Remembering to Take Your Own Advice

Pants

There’s a sketch called “Pants” that I’ve always loved from the early 90s comedy show The State.

A young Michael Ian Black sidles up to a woman in the library and attempts to hit on her. Disgusted, she rejects him on sight.

Ben Garant is reading at a nearby table and says, “Hey buddy, you want some advice? If you want to meet women, you should start wearing pants.” The camera zooms out to show Black wearing tighty whities with his collared shirt and sweater.

Black says, “Pants, eh? Thanks! I’ll try it.” He marches off to the pants store. Through much trial and error, the saleswoman, Kerri Kenney, helps him find his very first pair of pants. He marches back into the library, impresses the woman who had rejected him, and walks out with her on his arm.

Garant watches them leave. He says, “That’s OK for him, but I’m still alone!”

Kenney approaches him and says, “Why don’t you try taking some of your own advice?” The camera zooms out to show Garant wearing skimpy gold bikini briefs.

“I think I will!” he says. He takes Kenney’s arm, and they head off to find him some pants of his own.

I love this sketch because of the random humor that’s a trademark of the comedy troupe behind the show (if you don’t know them from The State, you’ll know them from Reno 911!). I also love it because the line, “Why don’t you try taking some of your own advice?” is, well, great advice.

I’m an empathetic person, and I like to think that I give advice that helps people move forward when they’re having a hard time. Usually, I’ve been there and can share what helped me through it all.

It’s much more difficult, however, to give myself the same compassionate advice when I’m the one having a hard time.

Here’s the kind of conversation that I’ve had with a friend more than once:

Friend: I’m so overwhelmed right now. I feel like I’m failing at everything.

Me: You have a lot on your plate, and you’re doing as much as you can possibly do! Look at all the successes you’ve had lately (names examples). That really doesn’t look like failure to me.  

But when I’m overwhelmed and feel like I’m failing? This is what I think to myself: Why are you such a mess? Get your shit together already. 

It’s like I have a gigantic blind spot to all of my own little victories — and also to the advice that I’m able to share with other people. When I read old entries on this very blog, I’m reminded of the strategies that I’ve used to be kinder to myself, like “Stop ‘Should-ing,'” and I think, “Hey, that’s a great idea. Maybe I’ll try that.” How easily I forget.

Not long ago, shortly after I’d posted about silencing the Thought Bullies, those abusive thoughts came to me in the early morning hours, as they so often do. I remembered the words I’d written, about the advice that I’d give a friend if she was anxious and called me in the middle of the night: Cut yourself some slack. You did the best you could with what you had at the time.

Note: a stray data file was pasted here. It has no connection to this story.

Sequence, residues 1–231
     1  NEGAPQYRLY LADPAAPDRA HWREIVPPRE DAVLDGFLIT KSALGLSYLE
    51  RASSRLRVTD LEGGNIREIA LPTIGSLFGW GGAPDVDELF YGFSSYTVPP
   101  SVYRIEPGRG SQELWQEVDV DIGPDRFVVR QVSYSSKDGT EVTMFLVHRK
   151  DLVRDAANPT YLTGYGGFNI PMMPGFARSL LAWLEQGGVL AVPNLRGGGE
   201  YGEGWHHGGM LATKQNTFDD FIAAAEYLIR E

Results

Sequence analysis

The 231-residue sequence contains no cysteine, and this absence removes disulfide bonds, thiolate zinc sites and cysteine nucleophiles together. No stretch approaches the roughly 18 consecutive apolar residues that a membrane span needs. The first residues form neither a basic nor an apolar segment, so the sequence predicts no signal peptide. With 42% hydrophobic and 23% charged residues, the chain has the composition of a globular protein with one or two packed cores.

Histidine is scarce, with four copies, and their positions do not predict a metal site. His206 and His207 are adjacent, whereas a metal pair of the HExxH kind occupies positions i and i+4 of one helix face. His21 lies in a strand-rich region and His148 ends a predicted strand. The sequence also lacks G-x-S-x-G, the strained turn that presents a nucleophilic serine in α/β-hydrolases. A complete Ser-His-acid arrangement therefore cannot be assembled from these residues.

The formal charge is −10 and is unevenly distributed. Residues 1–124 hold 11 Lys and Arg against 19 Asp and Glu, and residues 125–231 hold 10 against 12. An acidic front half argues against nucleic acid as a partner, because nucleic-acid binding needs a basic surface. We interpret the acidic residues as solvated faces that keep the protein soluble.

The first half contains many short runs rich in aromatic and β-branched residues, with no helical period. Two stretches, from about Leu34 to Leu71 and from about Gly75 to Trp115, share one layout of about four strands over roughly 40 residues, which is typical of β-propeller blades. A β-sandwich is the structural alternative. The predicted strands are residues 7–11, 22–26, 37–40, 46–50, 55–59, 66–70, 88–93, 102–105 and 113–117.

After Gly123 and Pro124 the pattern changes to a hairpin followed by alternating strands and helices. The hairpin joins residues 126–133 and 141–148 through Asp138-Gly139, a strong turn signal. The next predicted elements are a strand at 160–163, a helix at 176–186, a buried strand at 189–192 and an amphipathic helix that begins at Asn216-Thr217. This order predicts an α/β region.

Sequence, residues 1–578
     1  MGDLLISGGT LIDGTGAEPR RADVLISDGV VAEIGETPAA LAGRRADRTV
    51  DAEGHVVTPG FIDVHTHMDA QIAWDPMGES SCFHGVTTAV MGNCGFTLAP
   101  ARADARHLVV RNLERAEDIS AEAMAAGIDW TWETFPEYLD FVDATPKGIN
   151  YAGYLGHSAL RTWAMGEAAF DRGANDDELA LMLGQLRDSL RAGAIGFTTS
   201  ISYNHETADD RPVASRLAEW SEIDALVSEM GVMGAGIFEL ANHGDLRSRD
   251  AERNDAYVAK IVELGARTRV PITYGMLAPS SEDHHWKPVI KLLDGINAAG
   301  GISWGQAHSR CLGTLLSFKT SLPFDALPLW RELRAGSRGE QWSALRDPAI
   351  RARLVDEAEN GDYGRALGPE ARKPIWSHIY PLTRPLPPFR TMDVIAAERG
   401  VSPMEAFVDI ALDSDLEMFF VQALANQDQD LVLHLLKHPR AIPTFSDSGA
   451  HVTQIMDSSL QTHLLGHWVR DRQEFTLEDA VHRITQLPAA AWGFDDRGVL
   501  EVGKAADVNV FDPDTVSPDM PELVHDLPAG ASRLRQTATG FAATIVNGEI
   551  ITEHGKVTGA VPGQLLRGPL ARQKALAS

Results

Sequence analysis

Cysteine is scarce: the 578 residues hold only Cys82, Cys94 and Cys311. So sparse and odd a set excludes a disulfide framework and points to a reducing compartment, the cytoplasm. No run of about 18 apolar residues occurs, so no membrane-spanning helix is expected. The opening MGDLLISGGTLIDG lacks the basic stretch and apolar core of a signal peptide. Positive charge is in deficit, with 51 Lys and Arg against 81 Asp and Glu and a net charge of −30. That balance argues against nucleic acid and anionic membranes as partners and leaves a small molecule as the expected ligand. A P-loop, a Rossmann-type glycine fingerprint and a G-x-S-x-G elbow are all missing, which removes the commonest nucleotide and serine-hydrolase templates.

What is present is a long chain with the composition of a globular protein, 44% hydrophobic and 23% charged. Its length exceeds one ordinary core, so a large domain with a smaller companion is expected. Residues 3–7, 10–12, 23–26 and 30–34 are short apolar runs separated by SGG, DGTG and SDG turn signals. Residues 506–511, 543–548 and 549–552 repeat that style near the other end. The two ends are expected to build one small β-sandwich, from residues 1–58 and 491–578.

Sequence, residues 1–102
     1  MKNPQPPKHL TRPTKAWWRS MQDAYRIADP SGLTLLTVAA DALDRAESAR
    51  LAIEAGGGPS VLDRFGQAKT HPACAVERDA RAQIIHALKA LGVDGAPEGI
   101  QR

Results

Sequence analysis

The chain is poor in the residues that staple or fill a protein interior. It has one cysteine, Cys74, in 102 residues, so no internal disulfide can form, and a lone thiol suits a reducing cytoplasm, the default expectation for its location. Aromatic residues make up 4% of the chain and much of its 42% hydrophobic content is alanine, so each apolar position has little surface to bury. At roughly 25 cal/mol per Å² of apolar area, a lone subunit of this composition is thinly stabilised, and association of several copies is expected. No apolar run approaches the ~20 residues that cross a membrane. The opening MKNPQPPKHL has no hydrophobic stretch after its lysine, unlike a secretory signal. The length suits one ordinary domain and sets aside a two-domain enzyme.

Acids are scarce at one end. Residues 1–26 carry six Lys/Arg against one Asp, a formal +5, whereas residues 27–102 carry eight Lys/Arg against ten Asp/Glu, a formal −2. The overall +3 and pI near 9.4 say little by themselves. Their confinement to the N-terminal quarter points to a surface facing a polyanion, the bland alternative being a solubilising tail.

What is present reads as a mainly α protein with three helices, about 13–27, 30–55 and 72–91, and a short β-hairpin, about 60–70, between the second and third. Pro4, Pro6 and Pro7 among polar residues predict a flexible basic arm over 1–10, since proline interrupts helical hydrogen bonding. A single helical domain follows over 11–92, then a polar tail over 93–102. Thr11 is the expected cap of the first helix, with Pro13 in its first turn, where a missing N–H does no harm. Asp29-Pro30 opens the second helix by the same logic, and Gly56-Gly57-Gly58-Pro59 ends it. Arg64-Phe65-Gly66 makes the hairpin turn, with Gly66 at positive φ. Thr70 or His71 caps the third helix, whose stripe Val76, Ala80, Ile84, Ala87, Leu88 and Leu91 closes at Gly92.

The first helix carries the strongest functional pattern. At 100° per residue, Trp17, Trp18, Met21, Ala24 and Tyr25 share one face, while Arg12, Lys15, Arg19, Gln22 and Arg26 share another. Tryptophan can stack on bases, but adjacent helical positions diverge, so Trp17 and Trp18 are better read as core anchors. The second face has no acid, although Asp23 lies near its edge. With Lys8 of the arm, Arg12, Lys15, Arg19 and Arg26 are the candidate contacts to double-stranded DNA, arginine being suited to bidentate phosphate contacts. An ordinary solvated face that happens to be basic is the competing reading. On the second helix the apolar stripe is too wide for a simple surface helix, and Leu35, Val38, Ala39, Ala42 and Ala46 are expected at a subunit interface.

I said those words silently to myself. I really meant them. And you know what? I calmed down and went back to sleep.

Elizabeth Gilbert writes about having this type of conversation with herself in Eat, Pray, Love. While she’s in Italy, otherwise enjoying its food and language and beauty, her old nemeses Depression and Loneliness track her down there. She begins to panic and reaches for the private notebook that she keeps for emergencies like these:

I open it up. I find the first blank page. I write:
“I need your help.”
Then I wait. After a little while, a response comes, in my own handwriting:
I’m right here. What can I do for you?

She has a dialogue with herself in that notebook, then goes on to say:

I’ve been surprised to find that I can almost always access that voice, too, no matter how black my anguish may be. Even during the worst of suffering, that calm, compassionate, affectionate and indefinitely wise voice (who is maybe me, or maybe not exactly me) is always available for a conversation on paper at any time of day or night.

That night in Italy, she writes this to herself:

I’m here. I love you. I don’t care if you need to stay up crying all night long, I will stay with you…There’s nothing you can ever do to lose my love. I will protect you until you die, and after your death I will still protect you. I am stronger than Depression and I am braver than Loneliness and nothing will ever exhaust me.

Finally, she drifts off to sleep holding the notebook that contains her own encouraging words.

All of us carry this “best self” with us all the time. It’s the one that comes out when our dearest friends need our counsel, and it’s the one that we owe it to ourselves to summon when we’re the ones who are struggling. Why should everyone but us benefit from the wisdom that we’re handing out like candy? Let’s try taking some of our own advice, shall we?

The next time I give encouragement to a friend, I’m going to listen carefully to the words that I say to her, and file them away — maybe in my own private notebook — so I can repeat them to myself.

Leave a Comment: What’s some good advice that you’ve given a friend and could benefit from yourself?

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